Their homeland is going under, but they still want to stay
Fijian island of Serua
In the “climate rigidity”: Your homeland is going under, but you still want to stay
Fiji’s main island of Viti Levu.
© Source: Philipp Laage/dpa-tmn
Climate change is already hitting many Pacific island groups: Kiribati, Tokelau and the Fiji Islands are battling rising sea levels. In Fiji, the government has identified around 800 communities that may need to relocate as a result of climate change. Six parishes have already been relocated.
The further climate change progresses, the greater the consequences. Even if greenhouse gas emissions were stopped immediately, the melting of the Greenland ice sheet, for example, would cause global sea levels to rise by a good 27 centimetres, showed a study last year. Humans have to adapt to these changes. If high sea walls and other measures are no longer sufficient, the only option is resettlement.
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No move despite severe climate damage
But researchers from several Australian universities have as part of a study have now identified a phenomenon that they call so-called “voluntary immobility”. What is meant is that even in places where relocation is suggested as a last resort, people may prefer to stay.
One example is the village on the Fijian island of Serua: Coastal erosion and flooding have severely damaged it over the past two decades. Houses have been flooded, seawater has spoiled crops and the dike has been destroyed, the researchers said in an article forThe Conversation” describe. Nevertheless, almost all residents of the island of Serua decided to stay.
According to the researchers, their decision was based on something called “Vanua,” an indigenous Fijian word that refers to the interconnectedness of the natural environment, social ties, ways of life, spirituality, and stewardship of the place. “Vanua” binds local communities to their land. “The residents of the island decided to stay because of their deep-rooted connections,” the researchers wrote. They want to “act as guardians” and thus “preserve a place of profound cultural significance”. The scientists quoted one resident as saying: “Our ancestors chose to live on the island just to be able to be close to our chief.”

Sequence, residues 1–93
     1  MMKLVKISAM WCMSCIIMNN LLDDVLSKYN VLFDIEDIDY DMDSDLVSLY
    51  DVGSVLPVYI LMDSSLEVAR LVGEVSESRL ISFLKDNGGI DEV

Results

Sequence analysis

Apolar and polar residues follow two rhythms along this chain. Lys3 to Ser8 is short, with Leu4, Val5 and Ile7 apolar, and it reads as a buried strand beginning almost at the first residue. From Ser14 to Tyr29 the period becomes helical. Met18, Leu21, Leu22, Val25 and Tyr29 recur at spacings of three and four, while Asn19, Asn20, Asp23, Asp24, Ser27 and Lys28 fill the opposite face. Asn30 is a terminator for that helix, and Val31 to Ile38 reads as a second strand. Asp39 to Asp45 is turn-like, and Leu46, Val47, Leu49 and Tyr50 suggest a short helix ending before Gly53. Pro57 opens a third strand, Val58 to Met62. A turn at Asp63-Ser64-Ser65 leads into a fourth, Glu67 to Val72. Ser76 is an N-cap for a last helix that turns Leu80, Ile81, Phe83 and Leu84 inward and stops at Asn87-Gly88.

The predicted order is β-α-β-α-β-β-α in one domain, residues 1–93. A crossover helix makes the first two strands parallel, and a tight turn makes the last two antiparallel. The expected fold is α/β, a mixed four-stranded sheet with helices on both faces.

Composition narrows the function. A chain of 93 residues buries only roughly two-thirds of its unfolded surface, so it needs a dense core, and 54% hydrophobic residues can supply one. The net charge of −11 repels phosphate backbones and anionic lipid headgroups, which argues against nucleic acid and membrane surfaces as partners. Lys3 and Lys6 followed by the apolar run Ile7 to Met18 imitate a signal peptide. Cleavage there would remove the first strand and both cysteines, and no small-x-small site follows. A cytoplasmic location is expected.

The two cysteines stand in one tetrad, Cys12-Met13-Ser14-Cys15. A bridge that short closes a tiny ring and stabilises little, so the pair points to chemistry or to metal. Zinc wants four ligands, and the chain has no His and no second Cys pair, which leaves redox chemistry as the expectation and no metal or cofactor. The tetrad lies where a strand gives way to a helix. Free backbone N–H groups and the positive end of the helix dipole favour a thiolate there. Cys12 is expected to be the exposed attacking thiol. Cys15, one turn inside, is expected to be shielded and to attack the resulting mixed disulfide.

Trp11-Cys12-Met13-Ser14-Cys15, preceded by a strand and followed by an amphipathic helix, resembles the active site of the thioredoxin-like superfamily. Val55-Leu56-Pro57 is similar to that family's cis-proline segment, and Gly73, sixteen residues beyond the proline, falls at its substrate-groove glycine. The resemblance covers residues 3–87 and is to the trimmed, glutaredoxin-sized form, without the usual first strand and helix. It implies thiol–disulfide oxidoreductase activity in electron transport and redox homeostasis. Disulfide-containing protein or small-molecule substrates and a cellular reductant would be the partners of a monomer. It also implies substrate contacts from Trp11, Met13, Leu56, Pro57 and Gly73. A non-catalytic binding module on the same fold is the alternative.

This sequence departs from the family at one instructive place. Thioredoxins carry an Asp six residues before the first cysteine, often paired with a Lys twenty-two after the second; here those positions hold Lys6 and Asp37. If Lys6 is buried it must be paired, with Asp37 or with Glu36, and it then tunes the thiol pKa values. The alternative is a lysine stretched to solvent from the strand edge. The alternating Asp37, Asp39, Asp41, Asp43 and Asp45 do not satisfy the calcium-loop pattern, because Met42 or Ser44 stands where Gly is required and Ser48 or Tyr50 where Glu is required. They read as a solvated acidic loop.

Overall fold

The scientists found that the connection to the ancestors is an essential part of life on the island. Every family has a foundation stone on which their ancestors built their house. Many believe that should this foundation stone be disturbed in any way, it could bring misfortune to their relatives or other members of their village. The people also have close ties to the ocean that separates Serua Island from Fiji’s main island of Viti Levu. The ocean is a source of food and income and a place of belonging. One woman told the researchers: “The ocean is part of me and keeps me going – we measure when we leave the island and when we come back depending on the tides.”
Phenomenon not limited to Fiji
The islanders of Serua fear that moving to Viti Levu would cut ties with their chief, the sacred sites, and the ocean, the researchers said. “They fear that moving would result in a loss of their identity, cultural practices and local ties,” the Australian researchers wrote. The locals are aware that other people find it difficult to understand their decision. As one villager said, “For an outsider, this process can be difficult to understand because it involves much more than just giving up material possessions.”
The phenomenon of so-called “voluntary immobility” is not unique to Fiji. Around the world, households and communities choose to remain in place despite increasing or already high climate risks, the researchers said. The reasons for this include social ties or different risk perceptions.
Overall, resettlement raises “complex legal, financial and logistical issues.” “Relocation and retreat are not a panacea for climate risks in vulnerable locations,” the researchers wrote. “In many cases, people prefer to adapt locally and protect vulnerable areas.” In general, a resettlement decision should never be made without the participation of affected local people and communities.